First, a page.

There are certain rules that extend across nearly every movie universe which we as an audience have to accept. Bad guys will always attack one at time, high school girls will always date a guy they fundamentally hate and pedestrians will never end up in wheel wells during car chases. While the rules may seem completely divorced from reality, some of the more staggering clichÃÂ©s actually have science on their side. Still, the fact that these seemingly illogical movie moments have real-world explanations is less a demonstration of genius on the part of the script writers and more a testament to their blind luck as they accidentally stumbled onto legitimate scientific concepts. So don't celebrate yet, Hollywood, there's still a ton of s**t you're doing wrong, these are just four examples where you happened to get it right, despite yourselves.
"Mmmm, I'm full off of all your collective disappointment."
One of the most ubiquitous clichÃÂ©s in film, the slow clap shows up so often and across so many genres of movies that entire compilations have been created in its honor.
Its power lies in the slow clap's ability to sway the opinion of an entire crowd, not with words or ideas, but with the sound of two pieces of flesh slamming against each other. The slow clap generally follows the protagonist having an, "I'm just being honest for a second" moment in front of an audience. While everyone stares on horrified (everyone in movies presumably hates honesty), one person begins to clap. Somehow, that sound alone is enough to convince everyone else that, oh yeah, they also enjoyed that crazy bullshit that just happened. Gradually it swells into a massive applause as the opinion of everyone in attendance shifts 180 degrees simultaneously. The slow clap as a concept seems absurd; an entire crowd of people convinced they like something just by hearing one person clap is insulting to human intelligence. Oh, and it turns out it happens to crowds all the time.
Even the most opinionated and judgmental people in the world are susceptible to the power of group mentality. Arguably the most prominent researcher in crowd psychology, Gustave Le Bon suggested that when people come together in crowds, they start to identify with the group at large instead of as an individual. The opinions of the crowd become the opinions of each person like a mass hypnosis.
"A phenomenon of which it is easy to establish the presence but which it is not easy to explain. It must be classed among those phenomena of a hypnotic order. In a group every sentiment and act is contagious, and contagious to such a degree that an individual readily sacrifices his personal interest to the collective interest. This is an aptitude very contrary to his nature, and of which man is scarcely capable except when he makes part of a group."
In other words, every minute change in the crowd has a ripple effect on the collective conscious and can determine the thoughts and opinions of the rest of the group. While this sometimes manifests itself in riots or acts of violence, the slow clap is a decidedly more positive symptom of mob mentality. A single person clapping in a crowd can immediately trigger the same response from everyone else because they are subconsciously serving the interest of the group, until finally, everyone is in unified agreement that they love whatever just happened.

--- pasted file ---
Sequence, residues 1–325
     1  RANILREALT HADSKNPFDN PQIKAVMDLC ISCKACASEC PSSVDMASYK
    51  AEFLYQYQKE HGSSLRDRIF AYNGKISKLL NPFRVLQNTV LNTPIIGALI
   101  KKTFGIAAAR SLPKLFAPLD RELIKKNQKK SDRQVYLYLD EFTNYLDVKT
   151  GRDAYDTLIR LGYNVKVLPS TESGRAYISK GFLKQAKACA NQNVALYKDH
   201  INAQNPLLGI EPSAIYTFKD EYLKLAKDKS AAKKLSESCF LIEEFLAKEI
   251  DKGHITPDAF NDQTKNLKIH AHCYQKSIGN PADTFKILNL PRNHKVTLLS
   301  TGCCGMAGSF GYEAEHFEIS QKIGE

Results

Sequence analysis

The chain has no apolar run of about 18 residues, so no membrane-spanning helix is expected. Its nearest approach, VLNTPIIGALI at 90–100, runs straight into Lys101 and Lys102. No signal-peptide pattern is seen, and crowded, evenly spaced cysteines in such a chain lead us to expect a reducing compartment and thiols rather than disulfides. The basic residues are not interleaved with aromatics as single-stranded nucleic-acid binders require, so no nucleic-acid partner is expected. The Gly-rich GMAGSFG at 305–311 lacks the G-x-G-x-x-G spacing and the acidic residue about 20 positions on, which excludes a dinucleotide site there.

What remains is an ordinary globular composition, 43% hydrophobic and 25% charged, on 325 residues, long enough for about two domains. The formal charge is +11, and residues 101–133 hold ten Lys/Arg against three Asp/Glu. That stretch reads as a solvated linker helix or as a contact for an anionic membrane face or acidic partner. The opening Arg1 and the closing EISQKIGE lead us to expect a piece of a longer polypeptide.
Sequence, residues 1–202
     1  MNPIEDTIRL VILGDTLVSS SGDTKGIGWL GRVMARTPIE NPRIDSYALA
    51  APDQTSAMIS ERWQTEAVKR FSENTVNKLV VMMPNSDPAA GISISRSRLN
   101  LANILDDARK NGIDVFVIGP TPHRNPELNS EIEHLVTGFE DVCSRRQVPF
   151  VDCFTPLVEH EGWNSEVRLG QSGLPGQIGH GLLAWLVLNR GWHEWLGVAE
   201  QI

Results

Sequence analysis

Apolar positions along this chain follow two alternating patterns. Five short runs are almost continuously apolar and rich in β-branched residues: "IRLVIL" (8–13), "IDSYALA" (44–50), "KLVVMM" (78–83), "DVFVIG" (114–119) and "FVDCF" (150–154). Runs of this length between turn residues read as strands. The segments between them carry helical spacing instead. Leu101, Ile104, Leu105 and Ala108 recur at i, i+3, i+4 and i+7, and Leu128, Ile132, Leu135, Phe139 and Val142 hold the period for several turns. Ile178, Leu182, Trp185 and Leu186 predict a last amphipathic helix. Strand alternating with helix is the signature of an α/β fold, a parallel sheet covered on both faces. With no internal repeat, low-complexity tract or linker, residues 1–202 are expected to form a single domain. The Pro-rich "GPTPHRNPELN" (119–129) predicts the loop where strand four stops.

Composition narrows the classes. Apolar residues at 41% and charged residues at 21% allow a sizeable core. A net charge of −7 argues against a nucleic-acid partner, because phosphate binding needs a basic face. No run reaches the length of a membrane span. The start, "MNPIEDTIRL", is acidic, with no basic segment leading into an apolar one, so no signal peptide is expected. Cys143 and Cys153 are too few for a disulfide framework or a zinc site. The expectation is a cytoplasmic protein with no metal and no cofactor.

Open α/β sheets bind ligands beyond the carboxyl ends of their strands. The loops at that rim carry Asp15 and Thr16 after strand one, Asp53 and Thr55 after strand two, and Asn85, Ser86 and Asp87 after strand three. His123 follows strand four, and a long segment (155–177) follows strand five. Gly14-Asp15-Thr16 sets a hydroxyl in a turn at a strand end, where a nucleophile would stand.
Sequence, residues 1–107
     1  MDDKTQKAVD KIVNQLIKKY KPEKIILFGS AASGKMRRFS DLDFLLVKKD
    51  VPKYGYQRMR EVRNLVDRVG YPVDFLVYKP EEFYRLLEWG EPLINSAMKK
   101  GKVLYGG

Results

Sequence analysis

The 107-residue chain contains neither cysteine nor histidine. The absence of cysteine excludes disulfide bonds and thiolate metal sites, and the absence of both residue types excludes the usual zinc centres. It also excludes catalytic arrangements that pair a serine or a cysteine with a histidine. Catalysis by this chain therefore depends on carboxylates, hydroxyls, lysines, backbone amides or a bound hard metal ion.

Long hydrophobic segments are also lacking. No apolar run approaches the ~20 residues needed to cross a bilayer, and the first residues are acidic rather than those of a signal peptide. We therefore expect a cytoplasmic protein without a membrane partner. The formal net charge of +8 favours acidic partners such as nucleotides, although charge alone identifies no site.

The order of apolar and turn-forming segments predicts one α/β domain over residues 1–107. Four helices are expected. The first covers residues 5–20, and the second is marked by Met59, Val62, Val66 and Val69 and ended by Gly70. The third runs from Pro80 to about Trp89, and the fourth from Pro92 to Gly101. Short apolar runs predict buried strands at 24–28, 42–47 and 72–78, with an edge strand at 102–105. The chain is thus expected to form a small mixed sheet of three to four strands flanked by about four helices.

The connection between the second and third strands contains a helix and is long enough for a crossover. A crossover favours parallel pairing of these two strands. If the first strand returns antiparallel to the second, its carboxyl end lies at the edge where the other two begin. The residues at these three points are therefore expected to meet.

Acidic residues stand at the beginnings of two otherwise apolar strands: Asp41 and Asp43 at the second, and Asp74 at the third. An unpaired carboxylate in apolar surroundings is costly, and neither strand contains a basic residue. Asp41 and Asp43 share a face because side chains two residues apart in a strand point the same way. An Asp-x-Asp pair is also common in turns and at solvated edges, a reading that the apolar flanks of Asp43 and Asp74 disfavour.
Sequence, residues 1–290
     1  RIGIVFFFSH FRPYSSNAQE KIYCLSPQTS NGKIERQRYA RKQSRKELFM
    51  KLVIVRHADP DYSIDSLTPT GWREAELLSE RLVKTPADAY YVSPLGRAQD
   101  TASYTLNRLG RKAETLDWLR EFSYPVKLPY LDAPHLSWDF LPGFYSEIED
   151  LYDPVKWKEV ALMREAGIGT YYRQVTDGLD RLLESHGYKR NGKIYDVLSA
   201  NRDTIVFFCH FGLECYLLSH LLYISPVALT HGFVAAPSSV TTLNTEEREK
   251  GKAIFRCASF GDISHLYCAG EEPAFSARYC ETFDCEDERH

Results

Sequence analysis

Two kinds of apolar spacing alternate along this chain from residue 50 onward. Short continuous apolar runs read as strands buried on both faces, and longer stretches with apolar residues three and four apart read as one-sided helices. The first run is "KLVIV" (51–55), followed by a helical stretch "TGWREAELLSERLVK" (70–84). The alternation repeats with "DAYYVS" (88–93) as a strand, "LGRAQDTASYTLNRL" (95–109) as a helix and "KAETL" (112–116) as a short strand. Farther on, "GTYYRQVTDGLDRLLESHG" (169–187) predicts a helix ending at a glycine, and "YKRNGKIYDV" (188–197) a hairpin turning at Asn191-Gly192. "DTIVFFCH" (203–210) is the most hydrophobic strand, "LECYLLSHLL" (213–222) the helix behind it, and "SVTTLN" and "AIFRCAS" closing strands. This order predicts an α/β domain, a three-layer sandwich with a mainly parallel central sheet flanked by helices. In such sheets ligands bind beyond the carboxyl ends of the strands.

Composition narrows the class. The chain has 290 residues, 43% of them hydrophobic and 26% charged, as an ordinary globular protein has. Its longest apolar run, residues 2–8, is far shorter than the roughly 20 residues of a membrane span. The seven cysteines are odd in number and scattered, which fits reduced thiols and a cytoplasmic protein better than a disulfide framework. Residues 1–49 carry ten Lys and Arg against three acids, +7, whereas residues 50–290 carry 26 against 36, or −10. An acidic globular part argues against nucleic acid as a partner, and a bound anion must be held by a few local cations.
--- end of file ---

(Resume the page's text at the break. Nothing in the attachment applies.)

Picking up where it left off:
Even if they can't remember what the hell it was.
Sometimes in the middle of a movie a protagonist has to lock himself in a bathroom, splash a little water on his face and have a quick one-on-one with himself in the mirror. It usually happens when he's faced with a ethical decision; Vincent Vega talks himself out of sleeping with Mia Wallace in
"C'mon, what's the worst that a couple of business men would ask me to do?"
In reality, hashing things out with a reflection would seem silly if not a little crazy. Most people haven't talked to themselves in a mirror since they were children. Yet, it turns out that more people probably ought to face themselves when dealing with a decision of principle, because it actually works.
Studies have been conducted on both children and adults to determine how confrontation with our own reflections affects our morality. One self reflection study conducted on Halloween gave kids the opportunity to grab candy out of unsupervised bowls. The bowls were exactly the same at separate houses on the same street; the only difference was that one bowl had a mirror behind it. As a result, the children were significantly less likely to steal candy when they had to look at their own reflections even though they were wearing costumes. A similar test was also done on adults at a news stand who paid for newspapers on the honor system. The results were nearly identical; we are all more likely to act morally while confronted with our own faces.
"I slept with Chris before you were dating, and once during. Break a leg tonight!"